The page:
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I'm an individual investor based out of Washington, DC. My interests include financial products, economics and policy. I appreciate the time readers take to read my articles, and very much appreciate comments.
  • Simple Verses Exponential - Two Very Different Tales 2 comments
    Jun 22, 2009 9:42 AM

    Many traders follow moving price averages (which are just the average closing price of an asset over a certain time frame) to ascertain the technical strength or weekness of a marketplace. There are two widely used methods to calculate a moving average: simple or exponential (the latter of which assigns relatively greater weight to more recent closing prices). Some traders eschew the exponential moving average simply because it can be quicker during periods of high volatility, leading to false positive and negative signals. But in periods of relatively mild volatility (such as where we've been over the last month in many of the global equities markets), the simple moving average can tend to be "faster" then the exponential moving average. So, could the simple moving average produce a false positive signal now? Absolutely, which is why conservative traders follow BOTH.

    Sounds like simple enough advice, but there's a big fly in the ointment today: the simple and exponential moving averages in many equities ETFs are telling vastly different stories about where the markets really are, technically.

    Point in case. One of the broadest equities ETFs is the Vanguard Extended Market VIPERs (ticker symbol VXF), comprising small and midcap stocks. Here, the we see that both the 30 day exponential moving average and the slower 50 day exponential moving average have failed to cross above the long term 200 day expontial moving average. When short term price averages are below long term price averages, that tends to suggest the market is in a long term technical bearish trend.  Just looking at these averages, a trader would be very nervous about taking a long position in this asset just now. To put it mildly. In fact, nervous really doesn't describe the situation well at all because in a long term bear market, when price average get close but do not, in fact, cross over, you often see sickening price declines over the near term.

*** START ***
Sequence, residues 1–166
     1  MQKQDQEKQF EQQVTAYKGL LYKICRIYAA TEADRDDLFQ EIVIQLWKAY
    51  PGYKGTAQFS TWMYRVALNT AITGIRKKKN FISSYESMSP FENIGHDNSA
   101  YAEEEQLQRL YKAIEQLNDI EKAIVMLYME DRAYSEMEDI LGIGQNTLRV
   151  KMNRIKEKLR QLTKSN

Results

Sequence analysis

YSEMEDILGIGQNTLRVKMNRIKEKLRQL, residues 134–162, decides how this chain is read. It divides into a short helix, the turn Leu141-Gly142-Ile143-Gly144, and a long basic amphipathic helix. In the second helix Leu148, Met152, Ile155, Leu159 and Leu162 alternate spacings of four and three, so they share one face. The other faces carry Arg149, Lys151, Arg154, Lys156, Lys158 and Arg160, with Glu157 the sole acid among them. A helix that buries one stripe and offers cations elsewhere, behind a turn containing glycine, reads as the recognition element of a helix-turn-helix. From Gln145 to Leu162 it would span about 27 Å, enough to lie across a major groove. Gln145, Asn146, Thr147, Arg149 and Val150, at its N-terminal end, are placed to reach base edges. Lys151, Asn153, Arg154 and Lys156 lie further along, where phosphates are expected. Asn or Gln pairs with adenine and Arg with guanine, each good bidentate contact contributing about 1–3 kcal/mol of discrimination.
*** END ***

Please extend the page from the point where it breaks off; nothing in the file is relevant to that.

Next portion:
But the simple moving average tells another story. Both the short term 30 day, and the longer term 50 day, simple moving averages are above the very long term 200 day simple moving average, and crossed over recently. That's often what you look for at the front end of a bull market. Traders looking only at this development with the simple moving average would be piling into risk at the moment.

    In sum, the moving averages are not really towing the line at the moment.  That's about the best way to explain why equities markets are at a key inflection point. Market observers have noticed an enormous tug of war between bulls and bears raging over the last month, which is enough to suggest a large move in one direction is likely whenever either of these two dueling camps throws in the towel. So this may be one of the most precarious inflection points we've seen in the last few years.




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  • Investment Pancake
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    Author’s reply » The point may be on the way to becoming moot today. As of 11:00 am, many indexes around the Earth have sliced through their long term support levels, both technical and exponential. The real test will be whether, at some point, equity indexes return to test these moving averages as resistance. If so, a resumption of the downward trend will be likely to continue. If not, we may be in for a long slog. I have opted to take an extremely defensive posture, and concluded the process I launched last week of unloading various high beta ETFs in favor of cash.
    22 Jun 2009, 11:01 AM Reply Like
  • Investment Pancake
    , contributor
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    Author’s reply » For anyone out there following my model portfolio, please note that I have removed all equities and allocated entirely into cash, with some bonds. The model will remain largely uninvested until short term moving averages cross above longer term moving averages - at which point I will adjust the portfolios to include equities and junk bonds. Alternatively, if short ETFs enter a technical upward trend (which they are nowhere near close to doing), I may add various short ETFs, and retain close to zero equities exposure. Finally, if equities markets simply flatline, I will review several absolute return strategies and incorporate those into the model portfolio.
    22 Jun 2009, 02:25 PM Reply Like
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